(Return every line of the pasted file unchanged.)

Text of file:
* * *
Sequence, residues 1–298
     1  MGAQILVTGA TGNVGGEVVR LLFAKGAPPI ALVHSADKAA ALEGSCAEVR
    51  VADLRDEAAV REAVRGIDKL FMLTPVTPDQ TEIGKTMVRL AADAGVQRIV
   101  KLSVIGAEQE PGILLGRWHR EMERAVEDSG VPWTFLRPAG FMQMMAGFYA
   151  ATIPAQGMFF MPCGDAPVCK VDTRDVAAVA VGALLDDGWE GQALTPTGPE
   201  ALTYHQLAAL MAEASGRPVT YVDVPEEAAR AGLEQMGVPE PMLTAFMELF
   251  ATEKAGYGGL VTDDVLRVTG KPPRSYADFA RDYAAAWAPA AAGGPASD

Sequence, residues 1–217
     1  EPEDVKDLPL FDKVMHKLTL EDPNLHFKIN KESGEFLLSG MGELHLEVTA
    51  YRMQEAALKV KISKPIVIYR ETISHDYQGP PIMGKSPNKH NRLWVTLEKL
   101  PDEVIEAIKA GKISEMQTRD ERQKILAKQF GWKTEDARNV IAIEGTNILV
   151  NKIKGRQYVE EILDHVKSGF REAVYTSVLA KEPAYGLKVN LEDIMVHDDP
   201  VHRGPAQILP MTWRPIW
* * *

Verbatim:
Sequence, residues 1–298
     1  MGAQILVTGA TGNVGGEVVR LLFAKGAPPI ALVHSADKAA ALEGSCAEVR
    51  VADLRDEAAV REAVRGIDKL FMLTPVTPDQ TEIGKTMVRL AADAGVQRIV
   101  KLSVIGAEQE PGILLGRWHR EMERAVEDSG VPWTFLRPAG FMQMMAGFYA
   151  ATIPAQGMFF MPCGDAPVCK VDTRDVAAVA VGALLDDGWE GQALTPTGPE
   201  ALTYHQLAAL MAEASGRPVT YVDVPEEAAR AGLEQMGVPE PMLTAFMELF
   251  ATEKAGYGGL VTDDVLRVTG KPPRSYADFA RDYAAAWAPA AAGGPASD

Sequence, residues 1–217
     1  EPEDVKDLPL FDKVMHKLTL EDPNLHFKIN KESGEFLLSG MGELHLEVTA
    51  YRMQEAALKV KISKPIVIYR ETISHDYQGP PIMGKSPNKH NRLWVTLEKL
   101  PDEVIEAIKA GKISEMQTRD ERQKILAKQF GWKTEDARNV IAIEGTNILV
   151  NKIKGRQYVE EILDHVKSGF REAVYTSVLA KEPAYGLKVN LEDIMVHDDP
   201  VHRGPAQILP MTWRPIW